Asus Crosshair Motherboard Review

Admin - 2007-01-28 20:55:44 in Motherboards
Category: Motherboards
Reviewed by: Admin   
Reviewed on: February 26, 2007
ASUS
GF City Computers
Price: $229.99 USD

Introduction:

    That time has come again. The urge to upgrade to gain the best performance that I can from what I have on hand. I have been running a fairly low-end ASRock motherboard that has on-board video and a relatively low-end chipset. I chose to upgrade to arguably one of the biggest and most robust AM2 chipsets, the 590 SLi. There are a few manufacturers who make motherboards that utilize this chipset, but out of all the candidates that I looked at, I thought that the Asus Crosshair best fit the bill.

Asus is a very mainstream company, making everything from motherboards, to video cards, cases, and everything in between.  The Crosshair is part of a new ROG series of products by Asus.  ROG stands for Republic of Gamers, which means beefed up features, some fancier extras and, in this case, even some bundled software.   Founded back 1989, Asus has long since been a major name when it comes to computers, When I was researching the company, I came across a very educational quote in their "About" section. “In 2005, ASUS shipped 52 million motherboards, which means one out of every 3 desktop PCs sold last year was powered by an ASUS motherboard. If we line them up side by side, the length will be longer than the distance from New York to San Francisco.”  This motherboard really seems to be a looker when it comes to performance, and it was one of the primary reasons for my interest in it. I am sure that it will live up to name of Asus. 

Closer look:

    Upon receiving the motherboard, I was a little bit surprised by how fancy the box was.  The front of the box has a flip-up cover that shows some of the key features of the motherboard, as well as some information relating to its performance.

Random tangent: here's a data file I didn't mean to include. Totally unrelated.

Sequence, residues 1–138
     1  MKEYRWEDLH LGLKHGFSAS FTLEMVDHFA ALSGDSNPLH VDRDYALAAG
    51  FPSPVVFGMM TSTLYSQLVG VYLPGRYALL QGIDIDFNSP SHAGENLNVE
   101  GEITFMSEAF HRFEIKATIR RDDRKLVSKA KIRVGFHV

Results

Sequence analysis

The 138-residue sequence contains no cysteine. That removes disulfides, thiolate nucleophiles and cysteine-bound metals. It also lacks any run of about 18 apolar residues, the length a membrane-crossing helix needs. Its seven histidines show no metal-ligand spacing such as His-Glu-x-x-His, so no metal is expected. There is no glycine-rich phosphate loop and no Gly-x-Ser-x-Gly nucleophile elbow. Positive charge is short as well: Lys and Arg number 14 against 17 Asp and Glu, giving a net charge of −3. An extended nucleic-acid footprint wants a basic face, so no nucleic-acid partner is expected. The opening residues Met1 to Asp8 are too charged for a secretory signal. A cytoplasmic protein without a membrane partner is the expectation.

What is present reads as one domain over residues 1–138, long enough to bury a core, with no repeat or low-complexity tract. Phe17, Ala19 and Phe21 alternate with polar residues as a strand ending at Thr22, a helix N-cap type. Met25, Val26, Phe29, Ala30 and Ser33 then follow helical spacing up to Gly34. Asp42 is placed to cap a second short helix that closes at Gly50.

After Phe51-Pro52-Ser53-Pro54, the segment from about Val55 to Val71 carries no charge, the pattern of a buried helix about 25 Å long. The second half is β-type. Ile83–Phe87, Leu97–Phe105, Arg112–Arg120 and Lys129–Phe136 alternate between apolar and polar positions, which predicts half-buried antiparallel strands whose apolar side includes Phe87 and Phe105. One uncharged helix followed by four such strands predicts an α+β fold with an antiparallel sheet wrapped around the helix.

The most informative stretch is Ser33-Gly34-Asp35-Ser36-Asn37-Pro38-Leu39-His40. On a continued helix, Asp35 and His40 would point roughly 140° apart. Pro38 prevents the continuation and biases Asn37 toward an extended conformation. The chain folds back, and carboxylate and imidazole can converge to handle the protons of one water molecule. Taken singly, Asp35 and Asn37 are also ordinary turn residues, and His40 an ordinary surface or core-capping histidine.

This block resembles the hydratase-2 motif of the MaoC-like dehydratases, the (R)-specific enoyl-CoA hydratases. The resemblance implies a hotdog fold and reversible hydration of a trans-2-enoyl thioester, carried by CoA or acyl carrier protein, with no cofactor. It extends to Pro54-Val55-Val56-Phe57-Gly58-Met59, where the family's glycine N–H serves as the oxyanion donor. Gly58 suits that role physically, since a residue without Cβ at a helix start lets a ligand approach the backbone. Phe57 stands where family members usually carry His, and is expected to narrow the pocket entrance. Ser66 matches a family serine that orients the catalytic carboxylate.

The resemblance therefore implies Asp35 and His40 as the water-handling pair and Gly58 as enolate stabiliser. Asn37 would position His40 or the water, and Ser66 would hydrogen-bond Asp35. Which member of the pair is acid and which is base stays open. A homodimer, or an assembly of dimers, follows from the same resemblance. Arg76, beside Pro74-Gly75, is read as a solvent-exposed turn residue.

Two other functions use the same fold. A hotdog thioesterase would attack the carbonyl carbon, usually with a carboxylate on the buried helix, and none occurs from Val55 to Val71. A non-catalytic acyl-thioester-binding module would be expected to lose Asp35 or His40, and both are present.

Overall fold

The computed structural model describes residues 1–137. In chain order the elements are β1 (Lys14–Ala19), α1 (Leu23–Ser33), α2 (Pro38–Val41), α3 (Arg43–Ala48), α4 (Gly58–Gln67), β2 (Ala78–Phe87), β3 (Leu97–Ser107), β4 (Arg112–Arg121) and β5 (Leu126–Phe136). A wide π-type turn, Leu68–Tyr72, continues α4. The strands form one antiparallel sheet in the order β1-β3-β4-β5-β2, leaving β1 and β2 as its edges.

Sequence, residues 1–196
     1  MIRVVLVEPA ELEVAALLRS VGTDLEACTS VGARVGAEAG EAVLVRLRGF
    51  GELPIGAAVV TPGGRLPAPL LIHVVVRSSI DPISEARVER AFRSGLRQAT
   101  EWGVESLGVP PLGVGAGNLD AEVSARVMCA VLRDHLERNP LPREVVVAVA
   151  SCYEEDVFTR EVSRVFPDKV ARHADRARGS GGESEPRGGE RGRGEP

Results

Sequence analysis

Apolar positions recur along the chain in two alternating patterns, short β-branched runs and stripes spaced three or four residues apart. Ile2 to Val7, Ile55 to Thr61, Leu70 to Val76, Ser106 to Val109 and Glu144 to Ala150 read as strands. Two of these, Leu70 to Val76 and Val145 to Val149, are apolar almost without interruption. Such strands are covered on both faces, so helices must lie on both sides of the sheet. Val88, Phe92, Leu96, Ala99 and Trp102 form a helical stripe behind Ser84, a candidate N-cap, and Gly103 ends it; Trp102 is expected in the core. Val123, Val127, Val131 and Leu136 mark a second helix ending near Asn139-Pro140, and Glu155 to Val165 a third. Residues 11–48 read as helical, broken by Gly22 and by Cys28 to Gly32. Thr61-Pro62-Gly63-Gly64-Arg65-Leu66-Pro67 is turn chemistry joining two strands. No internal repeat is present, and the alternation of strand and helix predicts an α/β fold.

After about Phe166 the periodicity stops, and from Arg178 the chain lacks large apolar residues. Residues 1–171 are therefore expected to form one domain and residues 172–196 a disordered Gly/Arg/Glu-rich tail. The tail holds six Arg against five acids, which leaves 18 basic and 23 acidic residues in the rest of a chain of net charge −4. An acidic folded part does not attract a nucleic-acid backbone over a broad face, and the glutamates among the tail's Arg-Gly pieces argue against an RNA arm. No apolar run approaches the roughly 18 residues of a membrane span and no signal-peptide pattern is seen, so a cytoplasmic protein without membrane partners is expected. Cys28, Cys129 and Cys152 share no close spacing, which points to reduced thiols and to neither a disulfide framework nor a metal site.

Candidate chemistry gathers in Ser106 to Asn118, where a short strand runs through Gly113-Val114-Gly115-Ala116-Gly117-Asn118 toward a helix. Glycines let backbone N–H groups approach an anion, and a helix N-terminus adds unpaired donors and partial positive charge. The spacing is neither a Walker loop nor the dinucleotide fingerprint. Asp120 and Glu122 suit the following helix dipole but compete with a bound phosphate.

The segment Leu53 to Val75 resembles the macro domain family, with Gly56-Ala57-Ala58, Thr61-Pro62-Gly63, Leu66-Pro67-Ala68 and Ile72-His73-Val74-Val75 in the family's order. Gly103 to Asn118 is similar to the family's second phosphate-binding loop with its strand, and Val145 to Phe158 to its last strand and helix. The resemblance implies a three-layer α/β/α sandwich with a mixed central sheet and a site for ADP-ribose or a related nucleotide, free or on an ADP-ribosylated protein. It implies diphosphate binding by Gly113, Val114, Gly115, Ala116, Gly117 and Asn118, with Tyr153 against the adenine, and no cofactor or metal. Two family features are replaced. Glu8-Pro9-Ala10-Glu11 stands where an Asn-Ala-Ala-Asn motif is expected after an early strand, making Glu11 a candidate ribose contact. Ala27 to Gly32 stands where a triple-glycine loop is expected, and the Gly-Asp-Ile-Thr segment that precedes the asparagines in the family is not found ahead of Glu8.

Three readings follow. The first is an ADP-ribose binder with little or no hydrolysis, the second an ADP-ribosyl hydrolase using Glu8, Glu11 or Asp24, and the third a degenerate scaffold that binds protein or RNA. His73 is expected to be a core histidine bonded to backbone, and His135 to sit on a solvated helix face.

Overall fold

On one side of the box there is a cutout which shows off the I/O section of the motherboard, as well as the small LCD screen that is mounted there.  The back of the box also has information clips that describe some of the bigger features of the board, as well as some of the bundled software. The front of the box also flips up to showcase some of the motherboard, which is secured inside in a clear plastic housing.  The box has some pictures and a feature list of their Do It Yourself styling, and the cutout in the box shows off the included microphone along with the sound module.


Opening up the top of the box, there is a black accessory box. I took it out first and dumped out its contents to get a look at all the goodies that this motherboard actually ships with.  There is the user manual, some media software, and 3 SATA cables with SATA-molex power adaptors.  The usual IDE cables, USB, as well as Firewire I/O adaptors, the SLI Bridge, a keychain, and a fan for chipset/heatpipe cooling.  Also included are 3 thermal probes, some zip ties, and an EL lit rear I/O plate.  I was surprised when I saw the 3 thermal probes, as this is an addition that ALL motherboards should come with, in my opinion. 


Moving on past the accessory box, I removed the plastic housing that held onto the motherboard as well as the microphone and soundcard.  The sound card is very small and is designed to interface with one of the PCI-E 4x slots located at the top of the motherboard. The reasoning behind this was that they were able to free up more space on the motherboard for other goodies. Asus also bundles with this motherboard a microphone designed to mount on top of your monitor. 



Next is the motherboard!
Now on to the motherboard itself. Something I noticed right away about this motherboard was the passive cooling used on the board. It utilizes heatpipes to carry the heat around and up to the large heat sinks. An attractive Republic of Gamers logo is painted on the top of the chipset block, letting you know that this is not your everyday motherboard.




Immediately to the right of the chipset are the 6 on-board SATA2 connectors. We can also see the on-board power/reset switches for using this motherboard outside of a case, an addition that was no doubt inspired by their use on the DFI series of motherboards.  We can see that there are indeed two 16x PCI-E SLI slots on this motherboard, making it fully SLI capable. There is an additional slot between the two 16x slots, which should give us adequate room for larger cards, or aftermarket cooling if you so choose. 


There are 4 slots which are designed to take DDR2 memory modules up to 800MHz (without overclocking). There is sufficient space around these slots as well if you have wider modules or are worried about clearances. 



Read on for the rest of the motherboard!
Moving on up to the CPU socket. It looks tight, but there is actually a surprising amount of space around the socket itself.  The heatsinks that are attached to the heatpipe system reside off to the side, as well as above the CPU socket, though with enough room for most aftermarket coolers. As most coolers these days are tending to be taller, there should not be any issues.